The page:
The big problem with larger groups like that is unless it is a very unique setting, in reality, they will have too many levels in the group, usually about 3. So maybe 25% are totally lost, 15% percent are too advanced for the material, and you are teaching to the 60%. Of course, discipline is always a problem with larger groups, and then the 40% that is bored/lost adds to the problem.
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robfir



Joined: 14 Apr 2012
Posts: 23
Location: Bournemouth, Dorset, England

PostPosted: Thu Oct 04, 2012 11:57 am    Post subject: Reply with quote

OK, I've been to the training.

Thanks for those warnings Mark and Letters! Perhaps they're just using some kind of in-house grading system Mark, as I agree they can't possibly be realistic IELTS levels.

So I have a few more questions and some things I forgot to mention before, if people wouldn't mind lending an opinion that would be great!

There was no particular selection process, except I suppose my CELTA, conversation and appearance. That doesn't say a lot for the job perhaps, but contrastingly I've heard that Vietnam is so under-supplied with teachers currently that we tend to get snapped up rather than sifted through?

And I suppose I'm a bit preoccupied with concerns about getting paid in Vietnam - I've had an employer hold out on me before, and even when it was only two weeks pay and I was in my home country I didn't find it at all fun...
How does one take steps to ensure they do actually get paid for working here? And is it something to be concerned about? Apparently the small, out-of-the-way, half-reputable looking Vietnamese employment agency, EIV, who I've already heard complaints of regarding their organisation and reliability, should pay me monthly.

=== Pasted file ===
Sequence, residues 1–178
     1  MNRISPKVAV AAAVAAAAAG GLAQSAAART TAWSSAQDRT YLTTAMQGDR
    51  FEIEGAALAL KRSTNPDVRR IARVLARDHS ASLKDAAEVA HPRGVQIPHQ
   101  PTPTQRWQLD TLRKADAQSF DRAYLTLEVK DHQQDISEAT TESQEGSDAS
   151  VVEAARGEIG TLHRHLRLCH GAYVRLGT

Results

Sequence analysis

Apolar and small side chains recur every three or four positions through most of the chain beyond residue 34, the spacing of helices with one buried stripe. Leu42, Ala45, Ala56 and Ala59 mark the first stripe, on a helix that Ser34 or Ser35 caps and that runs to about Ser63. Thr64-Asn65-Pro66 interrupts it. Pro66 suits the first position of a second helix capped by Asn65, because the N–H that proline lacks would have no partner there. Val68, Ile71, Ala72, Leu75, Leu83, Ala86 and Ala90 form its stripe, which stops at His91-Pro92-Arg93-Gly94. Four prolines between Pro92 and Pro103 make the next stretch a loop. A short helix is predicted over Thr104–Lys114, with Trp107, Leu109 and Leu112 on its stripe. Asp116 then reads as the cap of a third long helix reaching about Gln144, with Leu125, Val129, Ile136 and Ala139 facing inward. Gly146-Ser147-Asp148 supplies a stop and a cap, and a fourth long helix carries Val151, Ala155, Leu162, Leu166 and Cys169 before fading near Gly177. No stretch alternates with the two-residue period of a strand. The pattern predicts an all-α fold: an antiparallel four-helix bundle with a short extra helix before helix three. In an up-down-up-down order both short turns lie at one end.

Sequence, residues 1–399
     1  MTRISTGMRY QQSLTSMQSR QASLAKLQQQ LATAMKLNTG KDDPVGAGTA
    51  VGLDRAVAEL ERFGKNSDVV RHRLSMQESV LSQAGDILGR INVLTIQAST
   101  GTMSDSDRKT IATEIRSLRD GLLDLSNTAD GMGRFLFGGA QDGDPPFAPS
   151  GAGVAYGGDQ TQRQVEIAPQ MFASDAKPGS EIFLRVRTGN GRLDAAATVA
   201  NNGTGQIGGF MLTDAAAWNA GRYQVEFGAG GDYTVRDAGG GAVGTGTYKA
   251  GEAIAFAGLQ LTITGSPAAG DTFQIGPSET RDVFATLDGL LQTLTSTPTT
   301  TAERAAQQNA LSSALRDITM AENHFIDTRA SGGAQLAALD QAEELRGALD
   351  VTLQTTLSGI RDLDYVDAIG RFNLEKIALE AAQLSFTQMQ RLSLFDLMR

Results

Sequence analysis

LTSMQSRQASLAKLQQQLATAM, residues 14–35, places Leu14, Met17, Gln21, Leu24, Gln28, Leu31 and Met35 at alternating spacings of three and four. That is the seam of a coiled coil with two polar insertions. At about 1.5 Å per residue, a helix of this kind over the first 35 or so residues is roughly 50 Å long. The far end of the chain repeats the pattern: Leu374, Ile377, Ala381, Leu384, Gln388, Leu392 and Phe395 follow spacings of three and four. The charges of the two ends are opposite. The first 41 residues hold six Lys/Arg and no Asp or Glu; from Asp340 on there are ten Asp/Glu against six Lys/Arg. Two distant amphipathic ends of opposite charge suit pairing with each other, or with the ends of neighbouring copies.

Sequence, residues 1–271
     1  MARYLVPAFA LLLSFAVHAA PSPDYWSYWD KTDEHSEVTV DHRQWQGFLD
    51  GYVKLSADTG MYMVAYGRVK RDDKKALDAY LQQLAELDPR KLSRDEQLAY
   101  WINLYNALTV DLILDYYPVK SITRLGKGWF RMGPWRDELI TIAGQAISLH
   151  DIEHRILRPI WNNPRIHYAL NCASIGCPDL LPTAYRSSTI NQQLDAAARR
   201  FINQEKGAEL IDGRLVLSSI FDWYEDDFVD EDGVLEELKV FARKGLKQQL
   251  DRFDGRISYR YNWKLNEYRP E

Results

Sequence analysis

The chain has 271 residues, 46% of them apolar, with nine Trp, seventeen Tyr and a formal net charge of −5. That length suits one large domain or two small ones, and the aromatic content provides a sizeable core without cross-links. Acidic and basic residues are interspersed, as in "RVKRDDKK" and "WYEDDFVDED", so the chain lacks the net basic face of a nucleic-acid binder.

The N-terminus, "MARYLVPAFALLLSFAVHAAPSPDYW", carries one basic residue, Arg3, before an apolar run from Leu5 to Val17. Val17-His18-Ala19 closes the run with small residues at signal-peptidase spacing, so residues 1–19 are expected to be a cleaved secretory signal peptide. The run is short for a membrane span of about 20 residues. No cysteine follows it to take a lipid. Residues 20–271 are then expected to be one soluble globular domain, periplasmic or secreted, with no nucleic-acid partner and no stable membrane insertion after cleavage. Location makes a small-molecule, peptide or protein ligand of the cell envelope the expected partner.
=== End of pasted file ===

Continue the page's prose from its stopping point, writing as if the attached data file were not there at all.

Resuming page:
I don't mind ever so if they overlook paying me for a few days, but if they just refuse to pay me for a whole month's work or go bust I don't know what I'd do!

And finally: I've got a recent CELTA, only six weeks of experience but in a good UK school, and no degree. Does this job and pay sound about right for someone in my situation? I've seen that most of the best schools here want a degree and two years ELT experience along with the CELTA; but do they often accept teachers who don't meet those requirements? I've secured so many jobs in so many industries for which the advertised requirements excluded me that I take these things with a pinch of salt now...

Again, many thanks!
Rob Smile
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mark_in_saigon



Joined: 20 Sep 2009
Posts: 746

PostPosted: Thu Oct 04, 2012 12:45 pm    Post subject: Reply with quote

Hi Rob,